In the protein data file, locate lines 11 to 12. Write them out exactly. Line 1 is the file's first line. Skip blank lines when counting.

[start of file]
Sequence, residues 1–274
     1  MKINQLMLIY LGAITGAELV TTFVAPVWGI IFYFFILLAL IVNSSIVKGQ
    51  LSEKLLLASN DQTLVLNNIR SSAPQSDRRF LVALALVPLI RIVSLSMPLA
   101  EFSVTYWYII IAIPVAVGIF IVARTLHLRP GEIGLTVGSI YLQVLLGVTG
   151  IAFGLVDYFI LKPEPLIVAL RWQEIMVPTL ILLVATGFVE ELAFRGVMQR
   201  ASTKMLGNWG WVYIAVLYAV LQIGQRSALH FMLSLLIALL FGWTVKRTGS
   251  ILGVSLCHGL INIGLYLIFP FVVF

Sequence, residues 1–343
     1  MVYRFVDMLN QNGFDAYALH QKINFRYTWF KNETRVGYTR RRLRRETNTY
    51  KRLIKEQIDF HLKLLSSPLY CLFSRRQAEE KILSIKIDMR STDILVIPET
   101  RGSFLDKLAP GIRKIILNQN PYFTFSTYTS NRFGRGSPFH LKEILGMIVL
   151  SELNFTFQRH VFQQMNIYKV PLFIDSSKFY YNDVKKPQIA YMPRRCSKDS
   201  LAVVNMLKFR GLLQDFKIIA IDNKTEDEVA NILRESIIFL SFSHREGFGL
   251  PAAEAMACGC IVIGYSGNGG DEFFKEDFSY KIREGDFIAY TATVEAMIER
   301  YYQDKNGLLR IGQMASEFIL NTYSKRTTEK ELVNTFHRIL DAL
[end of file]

   101  RGSFLDKLAP GIRKIILNQN PYFTFSTYTS NRFGRGSPFH LKEILGMIVL
   151  SELNFTFQRH VFQQMNIYKV PLFIDSSKFY YNDVKKPQIA YMPRRCSKDS